I was under the impression that the campaign is usually an afterthought in the CoD games but I was pleasantly surprised by various moments in Modern Warfare’s story. The gameplay is mediocre and the level designs are nothing to write home about, but considering the vast majority of people who play CoD are in it for the multiplayer I can see why they did not make the campaign something like DOOM Eternal’s (which in my opinion is one of the best single-player FPS experiences). The narrative, while not exactly a masterpiece, does have a few intense moments that I was not expecting out of a company that makes a game for the masses. Granted I am no soldier, so I am not an authority on what war is actually like, but the campaign definitely gets across the message that war is brutal and suffering for all sides regardless of who the winner is, and soldiers are often put in situations where they are forced to make decisions that are not always the easy, moral choice. One particular mission has the player raid a house at night that is full of suspected terrorists and take out enemy combatants, but must take care to avoid hurting civilians/non-combatants. The poor visibility and the fact the terrorists know that soldiers are coming for them present a scenario where the player needs to be both cautious and quick to react in order to take out enemies while not accidentally causing unnecessary deaths. My only gripe with the campaign from a story-telling perspective is that despite all the grim atrocities of war the campaign tries to depict, at the end of the day it is up to the West (USA/Great Britain) to save the day from the big bad Russians or the Middle Eastern terrorists. Obviously I can understand why a big studio behind one of the biggest video game franchises in the world would take care to not badmouth the US government, but let’s be real here; the US government has its fair share of skeletons in the closet and it would have actually been interesting to see a video game address those.
CoD’s multiplayer (excluding Warzone) has a plethora of options to satisfy players of all demographics, and it even features platform cross-play, allowing PC, Xbox, and Playstation users to all play together, which is great for playing with friends as well as extending the game’s natural lifespan due to effectively tripling the player base. As far as game modes, there is the standard “Core” mode featuring game modes like Team Death Match, Domination, Hardpoint, etc. for pure running/gunning or playing an actual objective. Players who want a more “realistic” experience can opt to play “Hardcore” instead, where all guns are way more lethal with friendly fire, and various HUD elements are disabled which is also a cool experience in its own way. Then there’s Ground War, for people who want a discount Battlefield experience or enjoy sitting in houses with sniper rifles. There is even a co-op mode for players to work together against non-player enemies in various missions, though I personally find them boring and tedious due to most of them being comprised of throwing a ton of braindead AI enemies at the players to try and overwhelm them, which is not my idea of an engaging experience.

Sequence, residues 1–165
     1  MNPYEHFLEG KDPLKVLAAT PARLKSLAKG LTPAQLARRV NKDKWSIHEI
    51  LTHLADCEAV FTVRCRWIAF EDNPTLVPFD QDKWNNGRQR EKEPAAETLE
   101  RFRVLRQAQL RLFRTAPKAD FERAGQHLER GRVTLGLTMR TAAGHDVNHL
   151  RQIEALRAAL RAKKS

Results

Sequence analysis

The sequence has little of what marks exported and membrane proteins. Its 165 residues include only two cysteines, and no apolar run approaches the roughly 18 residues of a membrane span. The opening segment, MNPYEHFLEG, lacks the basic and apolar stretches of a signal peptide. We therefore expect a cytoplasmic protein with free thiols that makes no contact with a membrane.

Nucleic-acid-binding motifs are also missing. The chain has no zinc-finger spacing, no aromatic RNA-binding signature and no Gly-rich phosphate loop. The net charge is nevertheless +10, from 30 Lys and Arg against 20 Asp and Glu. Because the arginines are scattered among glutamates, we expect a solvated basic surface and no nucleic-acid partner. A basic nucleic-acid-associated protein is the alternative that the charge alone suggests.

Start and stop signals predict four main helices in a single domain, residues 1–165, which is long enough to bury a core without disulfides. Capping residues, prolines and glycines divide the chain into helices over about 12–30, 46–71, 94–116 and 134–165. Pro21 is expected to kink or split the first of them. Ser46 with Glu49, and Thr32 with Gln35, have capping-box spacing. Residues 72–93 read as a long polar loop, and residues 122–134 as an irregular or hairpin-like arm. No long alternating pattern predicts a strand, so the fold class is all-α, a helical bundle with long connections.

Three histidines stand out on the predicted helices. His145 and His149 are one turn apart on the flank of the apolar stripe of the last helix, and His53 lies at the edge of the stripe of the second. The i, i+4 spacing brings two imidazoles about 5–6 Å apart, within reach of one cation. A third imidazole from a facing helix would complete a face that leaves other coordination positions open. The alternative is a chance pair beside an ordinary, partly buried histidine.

The multiplayer is pretty fun, though it is hard carried by its mechanics and gunplay. The map design, arguably the next most important part of the multiplayer experience, is awful. The large majority of maps are a chore to play on because there are so many buildings and windows to clear, which means a ton of hiding spots for people who enjoy sitting in one spot the entire game. Buildings and verticality can add depth to strategy games or single player sequences, but neither of those apply to CoD, and in practice all they do is just drag matches because neither side wants to push. Why bother making an aggressive play when any attempt to cover ground gets neutralized by a camper in a building (or multiple campers in different buildings)? This is further worsened by the spawn points, which completely baffle me. On smaller maps there’s a severe problem with spawn kills (dying upon instantly spawning into the game) due to how terrible the spawn locations can be. How could it possibly be a good idea to have my character spawn right in front of an enemy gun, and why does it happen so often? There are also a few maps that have a pretty cool layout to play on, but are unfortunately ruined by awful visibility and lighting (ex: Rust, a great small map that is unfortunately covered in sand and dust that makes spotting enemies from farther away a massive pain). With the large variety of maps this game has to offer, I can maybe count on one hand the amount of maps I actually enjoy playing on. That said, the few maps I like are incredibly fun and I rarely get tired of them, which begs the question of why a map filter does not exist in this game. I can filter game modes, so why not maps? Afraid that some maps will never see play? Tough luck, maybe try designing better maps next time then.